Cleaning Caddies

“Made of plastic, this is something you will want to replace once a year and you won’t feel bad when you’re only spending a buck from the dollar store,” said Andrea Woroch, budgeting expert. “Comparatively, you’re looking at paying about $8 for one from Target.”

Cleaning Bucket

“You can find cleaning buckets at your local dollar store and there’s no reason to spend any more,” Woroch said. “Big-box stores like Target sell similar options for 5 times the price.”

Reusable Latex Gloves

“The best deal is at the dollar store when you opt for the generic brand,” Woroch said. “It’s not a huge savings compared to the generic brand option at Walmart but every bit of savings adds up.” 

Buy These Cleaning Supplies Elsewhere 


“You’ll spend anywhere from $1 to $6 on different sizes at dollar stores, so some of them may be a better purchase than others,” Ramhold said. “But in most cases, you’ll save by shopping at big-box stores for this one.”

Arm & Hammer Fresh Scentsations Carpet Odor Eliminator

“You can buy a 16 oz box for $1.25 or a 30 oz box for $2 at dollar stores,” Ramhold said. “[But] at big-box stores, you can expect to pay around $1 and $1.72, respectively.”

Lysol All-Purpose Cleaners

“You’ll find a better unit price at big-box stores in nearly every case,” Ramhold said. 

Off-Brand Sponges and Scrubbers

“I would say that sometimes these items are off-brand and of poor quality,” Bodge said. “It’s not a good value if the sponge you bought at a dollar store falls apart after the first use.”

Dish Soap

“Dollar stores will charge around $1 or more for small bottles of the stuff, but stores like Walmart will charge around 97 or 98 cents for similar sized — or even bigger — bottles,” Ramhold said. “Unless it’s a matter of convenience, skip the dollar stores for this one.”

Liquid Detergents

“You don’t know how long the products have been sitting on the shelves at the dollar store,” Bodge said. “Because liquid detergents can lose their potency over time, you could potentially be purchasing a less effective product, thereby wasting money instead of saving.”

Laundry Bleach

“Many laundry bleach bottles don’t come with the concentration mentioned on the label,” said Elice Max, a shopping analyst and co-owner of EMUCoupon. “Generally, this means they are low in quality. Learn about ingredients that are present in different items and their concentration levels. Doing this will also help you avoid products that come with chemicals that are a risk to your health. It will also enable you to purchase better products in conventional stores.”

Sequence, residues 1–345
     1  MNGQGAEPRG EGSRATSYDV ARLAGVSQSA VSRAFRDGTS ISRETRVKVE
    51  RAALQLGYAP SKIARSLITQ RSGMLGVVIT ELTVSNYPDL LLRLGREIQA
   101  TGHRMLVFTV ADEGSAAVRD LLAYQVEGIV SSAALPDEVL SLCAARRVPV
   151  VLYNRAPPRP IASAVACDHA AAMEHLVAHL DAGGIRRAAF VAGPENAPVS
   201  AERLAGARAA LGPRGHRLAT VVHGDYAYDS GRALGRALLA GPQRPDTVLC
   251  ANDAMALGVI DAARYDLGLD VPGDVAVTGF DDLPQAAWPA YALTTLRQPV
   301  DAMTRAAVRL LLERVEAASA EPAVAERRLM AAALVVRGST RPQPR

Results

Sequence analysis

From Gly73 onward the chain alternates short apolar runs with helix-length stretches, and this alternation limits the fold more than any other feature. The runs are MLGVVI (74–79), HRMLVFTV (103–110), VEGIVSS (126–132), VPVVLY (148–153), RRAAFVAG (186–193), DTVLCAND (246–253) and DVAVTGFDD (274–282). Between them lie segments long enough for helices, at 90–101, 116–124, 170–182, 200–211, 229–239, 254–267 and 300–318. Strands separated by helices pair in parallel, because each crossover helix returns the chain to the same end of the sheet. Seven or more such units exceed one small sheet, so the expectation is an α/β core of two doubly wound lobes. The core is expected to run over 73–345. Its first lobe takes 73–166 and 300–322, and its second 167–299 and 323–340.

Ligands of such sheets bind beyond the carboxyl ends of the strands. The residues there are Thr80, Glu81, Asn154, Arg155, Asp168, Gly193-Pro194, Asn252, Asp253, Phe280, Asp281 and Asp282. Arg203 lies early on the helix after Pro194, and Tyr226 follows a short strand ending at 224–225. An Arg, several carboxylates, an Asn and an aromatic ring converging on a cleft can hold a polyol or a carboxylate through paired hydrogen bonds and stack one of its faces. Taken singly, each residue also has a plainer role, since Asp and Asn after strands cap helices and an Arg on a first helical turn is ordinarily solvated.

Spray Bottles

“This may seem like a good deal at your dollar store, but with retailers like Dollar Tree raising prices to $1.25, you can actually save by picking up a spray bottle at Walmart from their Mainstays brand for under $1,” Woroch said. 

Cleaning Cloths

“Many people think cloths are just cloths and the dollar store cloths will get the job done just fine,” Outar said. “They will get the job done but not for long and that’s the issue. Dollar store cloths are very thin, weak, and just cheaply made. So, even though they are cheap, you won’t get a lot of uses out of them which will cause you to re-purchase the item frequently.”

Planning Ahead Is Key 

Remember that going in with a plan and a budget are essential when shopping at dollar stores — same as with any other retailer. 
“Planning prior to visiting any store is half the job done,” said Kyle Kroeger, founder at The Impact Investor. “I say this because once you have planned beforehand, you are less prone to falling prey to whimsical and impulsive buying. You are more likely to only get what you require, and not spend excessively.”

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About the Author

Nicole Spector is a writer, editor, and author based in Los Angeles by way of Brooklyn. Her work has appeared in Vogue, the Atlantic, Vice, and The New Yorker. She's a frequent contributor to NBC News and Publishers Weekly. Her 2013 debut novel, "Fifty Shades of Dorian Gray" received laudatory blurbs from the likes of Fred Armisen and Ken Kalfus, and was published in the US, UK, France, and Russia — though nobody knows whatever happened with the Russian edition! She has an affinity for Twitter.